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Article
September 1987

Agenesis of the Corpus Callosum and Limbic Malformation in Apert Syndrome (Type I Acrocephalosyndactyly)

Author Affiliations

From the Neuropathology Laboratory, Department of Neurology, Temple University School of Medicine (Dr de León and Mr de León), and the Departments of Pediatrics (Dr Grover), Anatomic Pathology (Dr Zaeri), and Surgery (Dr Alburger), The St Christopher's Hospital for Children, Philadelphia.

Arch Neurol. 1987;44(9):979-982. doi:10.1001/archneur.1987.00520210073023
Abstract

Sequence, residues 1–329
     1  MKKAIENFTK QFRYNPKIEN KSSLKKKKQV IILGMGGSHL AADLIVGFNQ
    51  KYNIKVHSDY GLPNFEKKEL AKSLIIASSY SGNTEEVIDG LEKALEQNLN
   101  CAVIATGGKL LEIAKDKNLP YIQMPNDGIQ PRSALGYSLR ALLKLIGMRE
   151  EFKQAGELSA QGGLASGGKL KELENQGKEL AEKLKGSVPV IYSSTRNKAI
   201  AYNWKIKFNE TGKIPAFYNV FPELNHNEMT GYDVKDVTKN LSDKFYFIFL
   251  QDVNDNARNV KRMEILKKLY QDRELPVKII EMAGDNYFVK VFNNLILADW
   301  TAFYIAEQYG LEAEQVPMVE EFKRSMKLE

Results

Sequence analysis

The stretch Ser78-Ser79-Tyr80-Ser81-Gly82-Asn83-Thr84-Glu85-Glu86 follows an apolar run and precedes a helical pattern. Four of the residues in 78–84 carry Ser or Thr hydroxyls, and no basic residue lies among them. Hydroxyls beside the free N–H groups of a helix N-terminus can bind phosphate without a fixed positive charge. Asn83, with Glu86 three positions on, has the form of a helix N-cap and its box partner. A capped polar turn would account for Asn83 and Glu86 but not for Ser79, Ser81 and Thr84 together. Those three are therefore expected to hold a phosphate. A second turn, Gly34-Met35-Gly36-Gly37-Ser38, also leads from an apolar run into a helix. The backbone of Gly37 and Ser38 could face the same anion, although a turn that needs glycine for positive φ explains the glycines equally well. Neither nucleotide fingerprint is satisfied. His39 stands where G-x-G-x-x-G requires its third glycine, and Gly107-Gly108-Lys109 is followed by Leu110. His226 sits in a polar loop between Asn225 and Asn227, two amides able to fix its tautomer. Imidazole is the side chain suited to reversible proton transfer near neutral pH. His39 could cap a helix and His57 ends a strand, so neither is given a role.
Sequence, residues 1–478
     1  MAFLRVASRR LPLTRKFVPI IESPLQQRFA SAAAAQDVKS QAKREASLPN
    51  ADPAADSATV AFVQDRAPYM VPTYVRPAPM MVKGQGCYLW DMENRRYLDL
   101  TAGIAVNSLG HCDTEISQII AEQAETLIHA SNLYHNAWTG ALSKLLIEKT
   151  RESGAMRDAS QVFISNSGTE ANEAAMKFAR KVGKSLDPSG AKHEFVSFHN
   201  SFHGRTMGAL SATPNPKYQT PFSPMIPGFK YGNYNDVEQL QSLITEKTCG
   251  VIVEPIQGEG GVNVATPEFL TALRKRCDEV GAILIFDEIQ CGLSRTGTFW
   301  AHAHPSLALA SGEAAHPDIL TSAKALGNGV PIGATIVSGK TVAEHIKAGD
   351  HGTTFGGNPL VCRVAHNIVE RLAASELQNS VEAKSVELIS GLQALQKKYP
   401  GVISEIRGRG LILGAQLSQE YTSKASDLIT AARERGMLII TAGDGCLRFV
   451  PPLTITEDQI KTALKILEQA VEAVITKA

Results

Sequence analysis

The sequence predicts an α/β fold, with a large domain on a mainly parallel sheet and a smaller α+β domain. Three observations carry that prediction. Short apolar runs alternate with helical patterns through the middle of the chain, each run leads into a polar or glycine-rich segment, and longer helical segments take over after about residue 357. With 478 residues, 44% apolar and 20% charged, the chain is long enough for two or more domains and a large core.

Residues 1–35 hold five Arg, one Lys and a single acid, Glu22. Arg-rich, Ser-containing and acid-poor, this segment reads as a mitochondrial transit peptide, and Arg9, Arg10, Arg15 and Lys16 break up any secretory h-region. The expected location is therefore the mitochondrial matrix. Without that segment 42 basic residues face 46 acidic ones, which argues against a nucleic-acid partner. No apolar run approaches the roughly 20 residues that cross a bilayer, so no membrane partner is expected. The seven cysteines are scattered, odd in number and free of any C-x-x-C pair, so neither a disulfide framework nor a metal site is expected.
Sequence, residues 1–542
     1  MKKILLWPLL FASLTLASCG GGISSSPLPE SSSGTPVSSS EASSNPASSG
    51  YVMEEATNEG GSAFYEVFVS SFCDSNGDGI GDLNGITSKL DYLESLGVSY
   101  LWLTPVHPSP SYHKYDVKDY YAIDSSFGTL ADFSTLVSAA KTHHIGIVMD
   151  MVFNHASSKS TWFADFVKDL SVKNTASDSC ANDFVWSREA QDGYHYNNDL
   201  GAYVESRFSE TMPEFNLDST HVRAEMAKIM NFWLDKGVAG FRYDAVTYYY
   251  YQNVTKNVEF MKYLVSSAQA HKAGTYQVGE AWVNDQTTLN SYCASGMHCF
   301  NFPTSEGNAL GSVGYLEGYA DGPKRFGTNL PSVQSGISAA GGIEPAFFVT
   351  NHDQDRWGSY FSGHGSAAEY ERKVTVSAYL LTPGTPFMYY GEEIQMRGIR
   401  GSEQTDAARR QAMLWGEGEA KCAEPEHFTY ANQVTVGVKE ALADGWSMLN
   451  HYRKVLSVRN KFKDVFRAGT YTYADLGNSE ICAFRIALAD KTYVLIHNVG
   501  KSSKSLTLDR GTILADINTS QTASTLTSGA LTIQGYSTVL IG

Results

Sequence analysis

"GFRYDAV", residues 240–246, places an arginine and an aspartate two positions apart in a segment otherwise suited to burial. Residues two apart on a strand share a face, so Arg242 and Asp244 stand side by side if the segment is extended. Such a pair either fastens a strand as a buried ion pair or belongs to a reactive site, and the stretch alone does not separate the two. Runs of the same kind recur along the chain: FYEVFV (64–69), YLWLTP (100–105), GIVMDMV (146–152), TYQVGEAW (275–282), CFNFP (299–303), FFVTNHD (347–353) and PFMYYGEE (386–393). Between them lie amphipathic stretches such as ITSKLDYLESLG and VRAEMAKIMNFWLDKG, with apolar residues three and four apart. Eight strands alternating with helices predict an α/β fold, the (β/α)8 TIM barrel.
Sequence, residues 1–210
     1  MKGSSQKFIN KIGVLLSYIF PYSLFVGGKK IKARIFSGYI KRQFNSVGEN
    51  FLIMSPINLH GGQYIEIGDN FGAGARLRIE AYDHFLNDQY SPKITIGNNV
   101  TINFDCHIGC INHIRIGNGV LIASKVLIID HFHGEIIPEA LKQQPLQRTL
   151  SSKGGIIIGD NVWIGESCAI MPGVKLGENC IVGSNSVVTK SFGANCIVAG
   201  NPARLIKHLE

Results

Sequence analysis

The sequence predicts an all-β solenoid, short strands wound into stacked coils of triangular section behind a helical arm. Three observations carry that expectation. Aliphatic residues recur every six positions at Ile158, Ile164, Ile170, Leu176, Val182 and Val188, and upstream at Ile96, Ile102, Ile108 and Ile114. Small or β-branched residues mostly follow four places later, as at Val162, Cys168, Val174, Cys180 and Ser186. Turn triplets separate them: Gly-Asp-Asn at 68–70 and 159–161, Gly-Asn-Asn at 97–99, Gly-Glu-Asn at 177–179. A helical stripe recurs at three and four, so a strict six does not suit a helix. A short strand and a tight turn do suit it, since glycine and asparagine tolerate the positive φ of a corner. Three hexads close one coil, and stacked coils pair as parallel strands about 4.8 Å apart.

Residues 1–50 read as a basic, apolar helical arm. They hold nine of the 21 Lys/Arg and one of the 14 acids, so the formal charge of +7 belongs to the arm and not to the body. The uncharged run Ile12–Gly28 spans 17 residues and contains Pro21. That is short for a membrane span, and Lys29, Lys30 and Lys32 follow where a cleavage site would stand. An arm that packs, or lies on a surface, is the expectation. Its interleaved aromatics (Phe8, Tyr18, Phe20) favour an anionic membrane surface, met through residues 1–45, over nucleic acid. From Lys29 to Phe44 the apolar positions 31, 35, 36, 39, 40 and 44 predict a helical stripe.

• Agenesis of the corpus callosum and malformation of limbic structures are described in a patient with Apert syndrome, a disorder characterized by acrocephaly, severe syndactyly, and often, mental retardation. Including the present case, malformation of the corpus callosum and/or limbic structures apparently has been reported in a total of ten patients with the syndrome. Complete or partial agenesis of the corpus callosum was found in six patients, septal defects in three, and arhinencephaly and ammonic hypoplasia in one. Since malformation or limbic structures are, to our knowledge, a consistent feature of agenesis of the corpus callosum, it seems that limbic abnormalities could be important for the pathogenesis of mental retardation not only in Apert syndrome, but also in other acallosal patients.

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